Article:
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The Wayward Ways of Wine

March 23, 1995|DAN BERGER | TIMES WINE WRITER

Fred Brander, owner of Brander Winery in Santa Barbara County's Santa Ynez Valley, has for years made one of the state's most long-lived Sauvignon Blancs, a wine that, like some of the wines of Sancerre, seems lean and angular when young.

What few people know is that both Sancerre and Brander Sauvignon Blanc age beautifully. I recently tasted through every Sauvignon Blanc Fred has made since 1977, the year before his own winery opened; the 1977 was made at Santa Ynez Valley Winery. Each was excellent, and a few were exceptional.

Surprisingly, each one was fresher than you would imagine for its age. Among the younger wines, I especially loved the 1987, so if you get lucky and see a bottle, grab it!

The new 1994 Brander Sauvignon Blanc ($9.75) has a stylish herbal, lemon-pepper and melon aroma and a marvelous texture that is both creamy and tart. The secret to its texture--and Brander hopes its aging potential--is aging 20% of the wine on the grape skins. This used to be done quite regularly with Chardonnay, but it was finally abandoned because the method can make wine bitter and hurt its aging potential.

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Brander says the portion left on the skins exhibits less fruit in aroma, "but the wine is more complex and seems to have a better mouth feel."

How it will age remains to be seen, though Brander says his experimental batches haven't seemed to suffer at all.

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The area in which a grape is grown should dictate a great measure of its character, but this is more true of some grapes than others. That was never more evident than back-to-back blind tastings I did a week ago.

The first tasting was of Pinot Noir, and the 13 wines showed characteristics of the regions where the grapes were grown. In a later tasting of 18 Merlots, however, little regional character was detectable.

Because so many people are making Merlot, blending is commonplace and regional character is not valued as much. But Pinot Noir is still the winemaker's Holy Grail and regionality is prized.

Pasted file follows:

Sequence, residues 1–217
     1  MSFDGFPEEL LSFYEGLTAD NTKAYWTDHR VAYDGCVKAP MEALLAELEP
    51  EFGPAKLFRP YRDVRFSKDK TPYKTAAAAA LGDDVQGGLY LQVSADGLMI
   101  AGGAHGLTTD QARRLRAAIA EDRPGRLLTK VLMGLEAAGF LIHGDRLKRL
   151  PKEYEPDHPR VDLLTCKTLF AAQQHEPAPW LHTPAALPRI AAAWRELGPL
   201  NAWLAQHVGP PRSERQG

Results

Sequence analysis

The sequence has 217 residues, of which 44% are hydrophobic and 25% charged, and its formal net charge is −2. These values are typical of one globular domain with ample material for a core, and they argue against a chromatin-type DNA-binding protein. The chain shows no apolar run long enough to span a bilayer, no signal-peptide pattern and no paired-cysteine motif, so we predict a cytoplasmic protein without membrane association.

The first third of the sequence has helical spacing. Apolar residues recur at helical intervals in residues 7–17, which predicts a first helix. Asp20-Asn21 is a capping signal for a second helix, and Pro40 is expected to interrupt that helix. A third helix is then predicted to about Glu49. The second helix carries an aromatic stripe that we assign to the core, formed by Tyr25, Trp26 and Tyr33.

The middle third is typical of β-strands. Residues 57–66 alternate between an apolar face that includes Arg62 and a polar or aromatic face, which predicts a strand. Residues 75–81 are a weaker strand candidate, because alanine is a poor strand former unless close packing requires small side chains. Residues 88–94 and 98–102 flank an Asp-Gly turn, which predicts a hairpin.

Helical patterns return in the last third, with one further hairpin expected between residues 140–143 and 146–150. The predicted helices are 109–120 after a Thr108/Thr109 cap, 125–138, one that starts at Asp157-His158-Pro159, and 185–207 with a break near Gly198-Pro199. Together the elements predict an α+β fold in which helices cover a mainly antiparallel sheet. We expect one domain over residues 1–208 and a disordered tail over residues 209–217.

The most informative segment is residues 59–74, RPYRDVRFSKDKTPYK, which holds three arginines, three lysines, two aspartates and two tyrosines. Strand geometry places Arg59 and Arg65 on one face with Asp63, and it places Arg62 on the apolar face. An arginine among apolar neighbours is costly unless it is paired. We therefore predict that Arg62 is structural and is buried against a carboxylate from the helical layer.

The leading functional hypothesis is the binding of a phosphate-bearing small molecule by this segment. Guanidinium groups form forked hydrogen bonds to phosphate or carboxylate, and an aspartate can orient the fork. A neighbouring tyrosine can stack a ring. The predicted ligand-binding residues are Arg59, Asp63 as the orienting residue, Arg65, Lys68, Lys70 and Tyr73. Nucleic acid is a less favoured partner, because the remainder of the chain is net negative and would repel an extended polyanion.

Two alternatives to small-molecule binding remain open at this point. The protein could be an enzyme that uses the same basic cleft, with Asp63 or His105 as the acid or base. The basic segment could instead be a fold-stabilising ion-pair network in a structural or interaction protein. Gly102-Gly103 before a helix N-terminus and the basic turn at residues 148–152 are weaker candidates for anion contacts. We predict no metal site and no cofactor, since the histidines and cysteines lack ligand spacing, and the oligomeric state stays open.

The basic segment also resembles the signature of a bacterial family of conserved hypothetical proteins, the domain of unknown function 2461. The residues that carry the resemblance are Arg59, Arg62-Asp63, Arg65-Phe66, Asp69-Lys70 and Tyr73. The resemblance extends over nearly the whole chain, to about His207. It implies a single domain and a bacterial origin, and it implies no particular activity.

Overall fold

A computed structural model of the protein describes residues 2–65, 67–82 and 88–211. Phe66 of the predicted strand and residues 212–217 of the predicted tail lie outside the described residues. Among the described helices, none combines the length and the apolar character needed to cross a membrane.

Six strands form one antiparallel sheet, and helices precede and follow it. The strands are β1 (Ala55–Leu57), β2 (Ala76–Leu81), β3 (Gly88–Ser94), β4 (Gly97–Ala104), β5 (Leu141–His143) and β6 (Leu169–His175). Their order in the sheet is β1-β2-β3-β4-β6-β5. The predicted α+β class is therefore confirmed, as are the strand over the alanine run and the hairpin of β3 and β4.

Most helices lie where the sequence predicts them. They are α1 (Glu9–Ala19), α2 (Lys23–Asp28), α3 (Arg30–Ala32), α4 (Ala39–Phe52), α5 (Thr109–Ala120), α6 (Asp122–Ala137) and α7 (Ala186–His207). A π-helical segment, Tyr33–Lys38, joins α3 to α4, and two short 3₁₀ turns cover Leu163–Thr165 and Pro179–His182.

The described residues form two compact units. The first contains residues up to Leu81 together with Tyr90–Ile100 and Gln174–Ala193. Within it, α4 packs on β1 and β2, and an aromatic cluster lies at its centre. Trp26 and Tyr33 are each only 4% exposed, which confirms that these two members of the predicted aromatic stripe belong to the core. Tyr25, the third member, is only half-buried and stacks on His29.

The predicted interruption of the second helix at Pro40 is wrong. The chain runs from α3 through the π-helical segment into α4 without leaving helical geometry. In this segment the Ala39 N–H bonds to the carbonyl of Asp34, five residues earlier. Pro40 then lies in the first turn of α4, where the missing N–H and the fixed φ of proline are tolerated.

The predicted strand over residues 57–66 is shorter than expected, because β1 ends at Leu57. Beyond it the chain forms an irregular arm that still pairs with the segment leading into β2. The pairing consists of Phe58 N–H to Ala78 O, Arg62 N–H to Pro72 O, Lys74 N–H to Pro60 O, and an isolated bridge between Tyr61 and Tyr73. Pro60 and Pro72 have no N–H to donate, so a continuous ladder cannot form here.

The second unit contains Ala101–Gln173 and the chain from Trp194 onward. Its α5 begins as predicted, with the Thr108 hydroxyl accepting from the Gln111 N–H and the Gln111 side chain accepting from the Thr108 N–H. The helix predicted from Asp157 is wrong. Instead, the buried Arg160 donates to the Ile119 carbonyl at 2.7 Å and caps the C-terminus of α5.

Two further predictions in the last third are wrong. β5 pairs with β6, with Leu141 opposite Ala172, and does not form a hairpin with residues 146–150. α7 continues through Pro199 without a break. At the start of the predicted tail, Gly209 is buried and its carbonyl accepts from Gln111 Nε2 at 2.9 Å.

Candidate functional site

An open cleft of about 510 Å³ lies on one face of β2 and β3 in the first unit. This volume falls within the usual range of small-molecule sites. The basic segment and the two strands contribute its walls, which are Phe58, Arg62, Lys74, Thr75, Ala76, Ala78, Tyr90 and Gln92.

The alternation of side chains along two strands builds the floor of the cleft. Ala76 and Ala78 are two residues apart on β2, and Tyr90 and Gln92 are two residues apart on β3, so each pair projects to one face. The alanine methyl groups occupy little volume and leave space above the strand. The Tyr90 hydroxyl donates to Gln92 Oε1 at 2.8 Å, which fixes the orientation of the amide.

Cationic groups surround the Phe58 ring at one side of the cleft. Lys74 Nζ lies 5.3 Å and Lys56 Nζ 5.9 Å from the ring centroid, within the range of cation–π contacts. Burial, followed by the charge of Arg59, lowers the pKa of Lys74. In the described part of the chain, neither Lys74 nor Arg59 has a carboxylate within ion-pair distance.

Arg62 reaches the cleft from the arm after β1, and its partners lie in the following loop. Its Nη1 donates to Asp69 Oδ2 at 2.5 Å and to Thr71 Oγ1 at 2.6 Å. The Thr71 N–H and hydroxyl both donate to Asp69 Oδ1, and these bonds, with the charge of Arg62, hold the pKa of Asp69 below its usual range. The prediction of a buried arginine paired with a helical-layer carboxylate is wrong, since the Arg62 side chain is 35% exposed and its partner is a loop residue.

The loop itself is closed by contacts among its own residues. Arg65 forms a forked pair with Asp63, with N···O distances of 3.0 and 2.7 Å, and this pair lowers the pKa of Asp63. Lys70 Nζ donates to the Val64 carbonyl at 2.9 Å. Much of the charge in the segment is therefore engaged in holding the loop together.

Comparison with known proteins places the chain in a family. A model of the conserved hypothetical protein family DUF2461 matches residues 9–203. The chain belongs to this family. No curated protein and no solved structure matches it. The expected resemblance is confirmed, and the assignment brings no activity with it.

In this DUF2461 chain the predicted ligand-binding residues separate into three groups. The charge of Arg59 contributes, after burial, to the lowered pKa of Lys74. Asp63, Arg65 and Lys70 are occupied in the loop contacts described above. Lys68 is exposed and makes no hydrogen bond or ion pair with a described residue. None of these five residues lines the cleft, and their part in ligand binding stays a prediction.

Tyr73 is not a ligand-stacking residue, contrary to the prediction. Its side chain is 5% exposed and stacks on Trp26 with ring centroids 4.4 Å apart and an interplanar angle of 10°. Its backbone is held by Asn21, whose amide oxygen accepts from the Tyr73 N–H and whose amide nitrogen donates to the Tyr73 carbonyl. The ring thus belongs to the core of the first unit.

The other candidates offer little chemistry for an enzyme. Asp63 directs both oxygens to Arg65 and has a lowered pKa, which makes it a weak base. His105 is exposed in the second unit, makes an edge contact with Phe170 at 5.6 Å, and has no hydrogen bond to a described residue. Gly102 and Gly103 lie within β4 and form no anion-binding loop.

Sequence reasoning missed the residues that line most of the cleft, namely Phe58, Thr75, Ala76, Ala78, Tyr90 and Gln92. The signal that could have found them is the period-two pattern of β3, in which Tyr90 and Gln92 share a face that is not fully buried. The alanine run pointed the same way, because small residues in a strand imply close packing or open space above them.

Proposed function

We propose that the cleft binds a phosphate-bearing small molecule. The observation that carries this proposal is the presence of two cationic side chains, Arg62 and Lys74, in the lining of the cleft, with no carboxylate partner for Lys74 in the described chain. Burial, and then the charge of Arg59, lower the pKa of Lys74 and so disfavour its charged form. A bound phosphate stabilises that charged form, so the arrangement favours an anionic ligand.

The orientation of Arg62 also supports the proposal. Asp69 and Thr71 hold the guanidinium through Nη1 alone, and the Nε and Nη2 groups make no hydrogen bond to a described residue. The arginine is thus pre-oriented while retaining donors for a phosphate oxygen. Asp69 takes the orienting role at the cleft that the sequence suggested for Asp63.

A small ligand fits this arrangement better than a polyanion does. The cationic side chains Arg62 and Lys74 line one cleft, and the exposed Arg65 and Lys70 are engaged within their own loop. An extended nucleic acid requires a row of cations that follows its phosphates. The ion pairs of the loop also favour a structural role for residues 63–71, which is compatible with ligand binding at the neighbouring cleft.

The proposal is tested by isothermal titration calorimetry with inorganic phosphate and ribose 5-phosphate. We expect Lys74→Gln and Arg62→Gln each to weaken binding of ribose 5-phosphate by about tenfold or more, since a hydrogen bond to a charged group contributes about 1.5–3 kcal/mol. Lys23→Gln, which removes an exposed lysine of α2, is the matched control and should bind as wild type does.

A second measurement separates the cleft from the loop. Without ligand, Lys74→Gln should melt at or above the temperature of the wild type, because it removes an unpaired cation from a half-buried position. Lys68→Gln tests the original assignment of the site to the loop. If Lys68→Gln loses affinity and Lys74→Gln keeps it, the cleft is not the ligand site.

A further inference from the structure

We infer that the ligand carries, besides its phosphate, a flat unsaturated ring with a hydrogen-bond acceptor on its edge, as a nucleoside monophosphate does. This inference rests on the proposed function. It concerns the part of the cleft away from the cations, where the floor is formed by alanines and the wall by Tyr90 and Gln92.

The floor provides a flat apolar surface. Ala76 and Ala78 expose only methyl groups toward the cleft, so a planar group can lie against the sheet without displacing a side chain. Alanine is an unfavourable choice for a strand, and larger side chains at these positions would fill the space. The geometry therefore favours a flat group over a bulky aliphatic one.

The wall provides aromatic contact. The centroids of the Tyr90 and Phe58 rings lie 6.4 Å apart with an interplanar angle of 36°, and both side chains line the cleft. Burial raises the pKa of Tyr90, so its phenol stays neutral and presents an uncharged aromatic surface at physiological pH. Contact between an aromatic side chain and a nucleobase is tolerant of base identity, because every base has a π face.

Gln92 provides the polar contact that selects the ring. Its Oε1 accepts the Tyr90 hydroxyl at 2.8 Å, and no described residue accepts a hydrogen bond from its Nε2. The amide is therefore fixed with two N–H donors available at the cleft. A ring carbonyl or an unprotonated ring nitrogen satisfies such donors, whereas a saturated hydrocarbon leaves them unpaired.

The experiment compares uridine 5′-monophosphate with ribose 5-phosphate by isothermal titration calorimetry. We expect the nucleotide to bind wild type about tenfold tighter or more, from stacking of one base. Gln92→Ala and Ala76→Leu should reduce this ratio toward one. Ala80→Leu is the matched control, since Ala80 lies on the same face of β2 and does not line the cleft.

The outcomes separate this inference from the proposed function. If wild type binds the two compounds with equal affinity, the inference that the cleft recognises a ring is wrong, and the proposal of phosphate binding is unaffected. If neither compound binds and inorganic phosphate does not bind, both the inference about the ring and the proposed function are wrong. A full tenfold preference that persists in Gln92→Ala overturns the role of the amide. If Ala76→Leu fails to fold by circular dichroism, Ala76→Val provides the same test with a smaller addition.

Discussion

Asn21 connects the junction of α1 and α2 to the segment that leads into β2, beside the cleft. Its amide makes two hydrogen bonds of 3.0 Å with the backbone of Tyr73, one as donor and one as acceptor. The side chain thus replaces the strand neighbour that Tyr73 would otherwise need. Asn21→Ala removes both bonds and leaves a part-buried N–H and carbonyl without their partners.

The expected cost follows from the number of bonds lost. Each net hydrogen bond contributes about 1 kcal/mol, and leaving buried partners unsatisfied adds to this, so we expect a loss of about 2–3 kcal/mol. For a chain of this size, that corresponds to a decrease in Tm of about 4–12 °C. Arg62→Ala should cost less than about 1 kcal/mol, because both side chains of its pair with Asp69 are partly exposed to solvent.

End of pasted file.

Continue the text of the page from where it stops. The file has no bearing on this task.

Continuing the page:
The winners of the Pinot Noir tasting were 1991 Bouchaine Vineyards "Reserve" ($20), with loads of fruit and silky texture that show its Carneros heritage, and 1993 Brindiamo "Limited Bottling" ($10). This second label from Thornton Winery is a bit richer than the Bouchaine and shows the Central Coast (Edna Valley) aroma clearly. It's a tad coarser, however.

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Also excellent and worth trying is the 1992 Bouchaine Vineyards Pinot Noir ($15), a stylish wine with cherry and tea aroma and a lovely texture.

The best of the Merlots was 1992 Shafer ($21), with a ripe cherry and spice aroma, a trace of jam and tea and lively acidity. This wine's charm is a joy, though the only hint that it was grown in the Stag's Leap area of the Napa Valley was its velvety texture.

Other fine Merlots included 1990 Conn Creek Vineyards ($14): ripe cherry/violet aroma, a trace of jam, and a toasty note from oak aging; 1991 Sinskey ($18): mature, earthy aroma with concentration; 1992 Dry Creek Vineyards ($15): ripe, jammy aroma with a note of herbal tea; chewy fruit with lots of richness.

Wine of the Week

1993 Hawk Crest Sauvignon Blanc ($6.50) --Herbal, lemon and melon aroma with a lot of fruit in the mouth, no sugar or overt oak to confuse the issue, and a graceful aftertaste. This second label of Stag's Leap Wine Cellars is usually a good value, and here it's as good as most wineries' primary version. Often found under $6.

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